Entertainment rooms, with electrical connections and wiring for radios, also became popular. One home design appearing in a popular magazine, was "highly convenient. . . for everyday living, especially as it provides for great independence away from the members of the family."20
The most significant structural adaptation of homes was the emergence of the garage. Once non-existent, then concealed towards the rear of homes, the garage quickly became foregrounded in the thirties -- "in conformity with the modern viewpoint, the garage is located at the front of the house."21 Garages came to be a part of the house itself, and were often more easily accessed by visitors than the pedestrian entrance. One designer remarked, "worthy of special note is the garage. The motorcar is actually sheltered in a room in the house."22 If the house's form speaks of the needs of those who built it, these designs indicate the burgeoning automobile culture that has come to symbolize the American Dream as much as home ownership.
For all the changes home interiors underwent, one feature above all others persisted in both academic and popular architecture -- seemingly in spite of its lack of real functional value in an age of climate-controlled interiors. In a letter describing her ideal home, a reader of Woman's Home Companion wrote, "There must be a fireplace in a large but not too formal living-room."23 The living areas were changing, but the demand for fireplaces marked nearly every home design popular journals presented. "Practical ideas are put to flight in no time,"24 by a fireplace -- the feature that "dominates"25 and "announces that it is HOME."26 Even the International style seemed to overlook this nostalgic accessory recalling days before technology and the machine rendered it inefficient and unnecessary.
Yet, modern design proved persuasive. Advertisers, recognizing possible misgivings, couched their sales pitches in tradition-oriented rhetoric. A Modernage furniture ad thus established its credentials:
One ad asked it's readers: "do you know modern? Not weird angles and gew-gaws, but simply-designed, dignified furniture made of exquisite woods."28 Another claimed a design that was "intimate, livable, modern -- a sane middle course between austere modernism and out-moded forms of a past era. It's period is now"29; yet another graciously offered, "we invite those who wish to 'modernize' their homes (without going modern to the nth degree)."30 The anxieties of homemakers were anticipated and manipulated by the distributors. Certainly, advertisements and articles advising period piece replications and antiques persisted. Yet, furnishings of this modern aesthetic were soon crowding the pages of periodicals. Presumably, consumers were increasingly willing to purchase items of modern design, and thus identify themselves with the modern aesthetic and the "progress" it stood for. However, exteriors would prove to be a different story altogether.
1Lewis Mumford, "The American Dwelling House," American Mercury April 1930: 477.
2Joan Kron, "The Semiotics of Home Decor," Signs of Life in the U.S.A.: Readings on Popular Culture for Writers, eds. Sonia Maasik and Jack Solomon (Boston: Bedford Books, 1994) 73.
3Mary Davis Gillies, "18th Century Accessories," McCall's September 1932: 76.
4Mary Davis Gillies, "Socially-Minded Furniture," McCall's August 1932: 66.
5Doernbecher Furniture, advertisement, The Saturday Evening Post August 5, 1939: 73.
5Creative Design, advertisement, The New Yorker October 30, 1937: 60. [check -- may be 10/23/37, p. 10]
7The Evening Bulletin, advertisement, The New Yorker November 27, 1937: 37.
9A. Raymond Ellis, "The April House," Woman's Home Companion April 1930: 40.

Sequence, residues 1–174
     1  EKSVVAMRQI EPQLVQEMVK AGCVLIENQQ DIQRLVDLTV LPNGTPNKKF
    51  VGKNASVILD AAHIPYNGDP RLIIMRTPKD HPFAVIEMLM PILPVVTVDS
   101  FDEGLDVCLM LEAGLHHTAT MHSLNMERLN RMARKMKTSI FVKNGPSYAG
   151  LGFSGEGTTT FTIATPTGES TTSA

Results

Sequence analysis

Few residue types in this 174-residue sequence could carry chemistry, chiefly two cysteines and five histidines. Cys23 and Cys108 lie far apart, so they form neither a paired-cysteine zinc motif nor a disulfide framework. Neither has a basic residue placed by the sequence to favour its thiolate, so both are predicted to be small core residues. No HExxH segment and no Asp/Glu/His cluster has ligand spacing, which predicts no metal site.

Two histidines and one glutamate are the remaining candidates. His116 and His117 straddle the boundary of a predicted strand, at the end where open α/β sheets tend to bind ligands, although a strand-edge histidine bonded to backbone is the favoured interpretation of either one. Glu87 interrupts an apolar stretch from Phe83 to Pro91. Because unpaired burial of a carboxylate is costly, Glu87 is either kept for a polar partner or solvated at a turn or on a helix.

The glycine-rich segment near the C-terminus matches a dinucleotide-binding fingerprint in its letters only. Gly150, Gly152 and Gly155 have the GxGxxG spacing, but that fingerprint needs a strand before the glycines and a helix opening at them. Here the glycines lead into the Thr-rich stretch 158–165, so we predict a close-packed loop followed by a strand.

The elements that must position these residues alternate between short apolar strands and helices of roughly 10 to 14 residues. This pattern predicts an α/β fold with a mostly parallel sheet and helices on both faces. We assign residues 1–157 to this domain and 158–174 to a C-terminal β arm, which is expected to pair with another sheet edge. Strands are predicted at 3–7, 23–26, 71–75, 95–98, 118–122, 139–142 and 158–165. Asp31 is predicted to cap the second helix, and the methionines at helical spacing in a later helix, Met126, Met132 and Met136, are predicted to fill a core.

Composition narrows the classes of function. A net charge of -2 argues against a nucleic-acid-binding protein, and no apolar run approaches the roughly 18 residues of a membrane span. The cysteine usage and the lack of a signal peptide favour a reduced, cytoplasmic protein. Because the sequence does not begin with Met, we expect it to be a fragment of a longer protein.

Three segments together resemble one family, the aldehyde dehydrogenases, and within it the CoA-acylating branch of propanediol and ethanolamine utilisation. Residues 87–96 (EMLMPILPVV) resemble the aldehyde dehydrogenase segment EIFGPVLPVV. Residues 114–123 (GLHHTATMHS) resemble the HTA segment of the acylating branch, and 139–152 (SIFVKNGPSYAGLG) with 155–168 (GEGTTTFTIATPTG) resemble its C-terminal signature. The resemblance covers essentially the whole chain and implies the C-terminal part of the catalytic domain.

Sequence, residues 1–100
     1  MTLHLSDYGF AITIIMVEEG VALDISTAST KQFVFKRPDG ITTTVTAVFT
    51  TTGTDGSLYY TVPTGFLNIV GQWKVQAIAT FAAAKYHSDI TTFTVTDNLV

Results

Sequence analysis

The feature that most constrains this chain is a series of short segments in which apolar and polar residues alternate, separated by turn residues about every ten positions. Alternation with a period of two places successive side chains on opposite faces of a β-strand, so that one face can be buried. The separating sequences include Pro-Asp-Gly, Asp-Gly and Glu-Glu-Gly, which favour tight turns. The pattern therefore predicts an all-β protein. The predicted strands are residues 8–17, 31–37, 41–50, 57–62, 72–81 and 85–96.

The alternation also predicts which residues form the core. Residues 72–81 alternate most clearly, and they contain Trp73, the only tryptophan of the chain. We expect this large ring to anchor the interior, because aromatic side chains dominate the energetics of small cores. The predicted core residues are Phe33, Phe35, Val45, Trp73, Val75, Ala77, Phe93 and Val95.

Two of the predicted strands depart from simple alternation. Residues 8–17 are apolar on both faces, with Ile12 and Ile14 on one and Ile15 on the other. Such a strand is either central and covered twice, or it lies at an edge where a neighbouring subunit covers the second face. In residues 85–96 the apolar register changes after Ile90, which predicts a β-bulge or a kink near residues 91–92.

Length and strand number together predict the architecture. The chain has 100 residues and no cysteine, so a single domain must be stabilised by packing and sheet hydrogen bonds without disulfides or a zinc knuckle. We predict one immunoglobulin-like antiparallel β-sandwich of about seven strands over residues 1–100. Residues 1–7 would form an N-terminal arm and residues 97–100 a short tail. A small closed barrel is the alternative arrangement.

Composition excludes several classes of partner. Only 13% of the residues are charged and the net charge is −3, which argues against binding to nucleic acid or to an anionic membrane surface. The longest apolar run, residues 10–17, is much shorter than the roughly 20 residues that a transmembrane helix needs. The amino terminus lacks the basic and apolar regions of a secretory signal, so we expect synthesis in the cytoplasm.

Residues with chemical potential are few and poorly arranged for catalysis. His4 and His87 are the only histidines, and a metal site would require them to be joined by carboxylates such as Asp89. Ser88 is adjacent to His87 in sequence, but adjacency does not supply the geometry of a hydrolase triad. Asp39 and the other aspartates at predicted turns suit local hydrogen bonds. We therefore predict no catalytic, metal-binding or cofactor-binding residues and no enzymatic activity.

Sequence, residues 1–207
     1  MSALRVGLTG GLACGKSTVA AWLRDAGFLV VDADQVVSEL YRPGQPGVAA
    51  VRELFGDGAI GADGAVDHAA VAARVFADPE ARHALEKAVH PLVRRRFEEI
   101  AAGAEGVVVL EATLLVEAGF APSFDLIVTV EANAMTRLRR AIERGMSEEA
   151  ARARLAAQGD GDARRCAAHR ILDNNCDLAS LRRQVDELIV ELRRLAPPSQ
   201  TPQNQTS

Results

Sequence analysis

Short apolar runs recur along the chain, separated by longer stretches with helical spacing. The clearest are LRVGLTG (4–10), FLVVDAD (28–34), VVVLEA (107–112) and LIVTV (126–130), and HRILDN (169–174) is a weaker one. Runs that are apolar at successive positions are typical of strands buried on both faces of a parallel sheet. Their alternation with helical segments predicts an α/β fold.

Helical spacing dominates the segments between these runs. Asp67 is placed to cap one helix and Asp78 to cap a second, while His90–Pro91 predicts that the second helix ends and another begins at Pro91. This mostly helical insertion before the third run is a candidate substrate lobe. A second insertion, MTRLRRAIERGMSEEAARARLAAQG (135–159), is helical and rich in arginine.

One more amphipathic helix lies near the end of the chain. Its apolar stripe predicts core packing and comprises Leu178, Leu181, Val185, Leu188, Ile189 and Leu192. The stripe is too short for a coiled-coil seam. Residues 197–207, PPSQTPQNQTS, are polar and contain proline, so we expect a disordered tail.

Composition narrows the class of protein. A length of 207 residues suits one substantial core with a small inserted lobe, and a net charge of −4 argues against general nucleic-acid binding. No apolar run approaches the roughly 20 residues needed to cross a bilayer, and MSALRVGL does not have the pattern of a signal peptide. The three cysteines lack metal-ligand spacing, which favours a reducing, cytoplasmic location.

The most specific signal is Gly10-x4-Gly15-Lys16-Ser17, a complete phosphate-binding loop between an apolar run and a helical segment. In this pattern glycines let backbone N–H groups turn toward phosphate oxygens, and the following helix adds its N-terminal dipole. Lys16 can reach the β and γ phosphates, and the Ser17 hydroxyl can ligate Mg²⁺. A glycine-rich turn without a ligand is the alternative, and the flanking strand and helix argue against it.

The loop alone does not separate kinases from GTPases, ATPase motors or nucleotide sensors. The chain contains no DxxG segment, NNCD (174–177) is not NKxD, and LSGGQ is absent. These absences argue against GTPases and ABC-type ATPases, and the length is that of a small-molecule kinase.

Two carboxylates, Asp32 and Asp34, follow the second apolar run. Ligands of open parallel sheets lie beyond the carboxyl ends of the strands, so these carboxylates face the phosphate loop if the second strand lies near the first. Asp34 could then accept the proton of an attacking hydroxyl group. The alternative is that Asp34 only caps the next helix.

10Mary Davis Gillies, "Let's Turn on the Lights," McCall's November 1938: 70.
11A. Raymond Ellis, "Dutch Colonial," Woman's Home Companion February 1933: 80-1.
12Kathleen Robertson, "Six Servants Speaking," McCall's January 1932: 58.
13Toastmaster, advertisement, The Saturday Evening Post September 1939: 73.
14Margery Taylor, "Floors Step Up," McCall's July 1932: 48.
15Hope Harvey, "The Sun Room of the Companion House," Woman's Home Companion April 1930: 47.
16Mary Davis Gillies, "Simplicity Regained," McCall's July 1932: 28.
17Helen Perry Curtis, "An Embroidered Map," Woman's Home Companion August 1931: 52.
18Alfred Shaw, "In the Tasmanian Tradition," Woman's Home Companion May 1937: 119.
19Stratton O. Hammon, "Economy Cottage," McCall's August 1932: 26.
20A. Raymond Ellis, "The May House," Woman's Home Companion May 1930: 47.
21Walker and Gillette, "For Less than $5,500," Woman's Home Companion November 1935: 112-13.
22Llewellyn Price, "Small but Spacious," Woman's Home Companion February 1937: 100.
23A. Raymond Ellis, "We Build Our Dream House," Woman's Home Companion January 1931: 78.
24Harold Ehlert, "An English House for Americans," Woman's Home Companion October 1931: 67.
25Katherine M. and Frank Harper Bissell, "The Home-Keeping House," Woman's Home Companion March 1934: 76-7.
26Stratton O. Hammon, "With a Proud Past," McCall's January 1932: 69.
27Modernage, advertisement, The New Yorker September 4, 1937: 55.
28Berri, Inc., advertisement, The New Yorker October 1, 1932: 44.
29Doernbecher, advertisement, The Saturday Evening Post July 8, 1939: 69.
30Modernage, advertisement, The New Yorker October 30, 1937: 81.
#1The Evening Bulletin, advertisement, The New Yorker November 27, 1937: 37.
#2General Electric, advertisement, The Saturday Evening Post March 28, 1936: 51.
#3Toastmaster, advertisement, The Saturday Evening Post September 1939: 73.
#4Kathleen Robertson, "Six Servants Speaking," McCall's January 1932: 58.
#5Augusta Owen Patterson, "Victor White Murals in a Syosset House," Town and Country April 1931: 63.
#6Harold Ehlert, "An English House for Americans," McCall's October 1931: 67.
#7Ethel Gordon Thompson, "Planned Round a Garden," Woman's Home Companion January 1939: 44.
#8Stratton O. Hammon, "With a Proud Past," McCall's January 1932: 69.
#9Galen W. Bentley, "A House for an Inside Lot," Woman's Home Companion August 1937: 67.
#10Henry-Russell Hitchcock and Philip Johnson, The International Style: Architecture Since 1922 (1932; New York: W.W. Norton & Co., 1995) 131.
#11Modernage, advertisement, The New Yorker September 4, 1937: 55.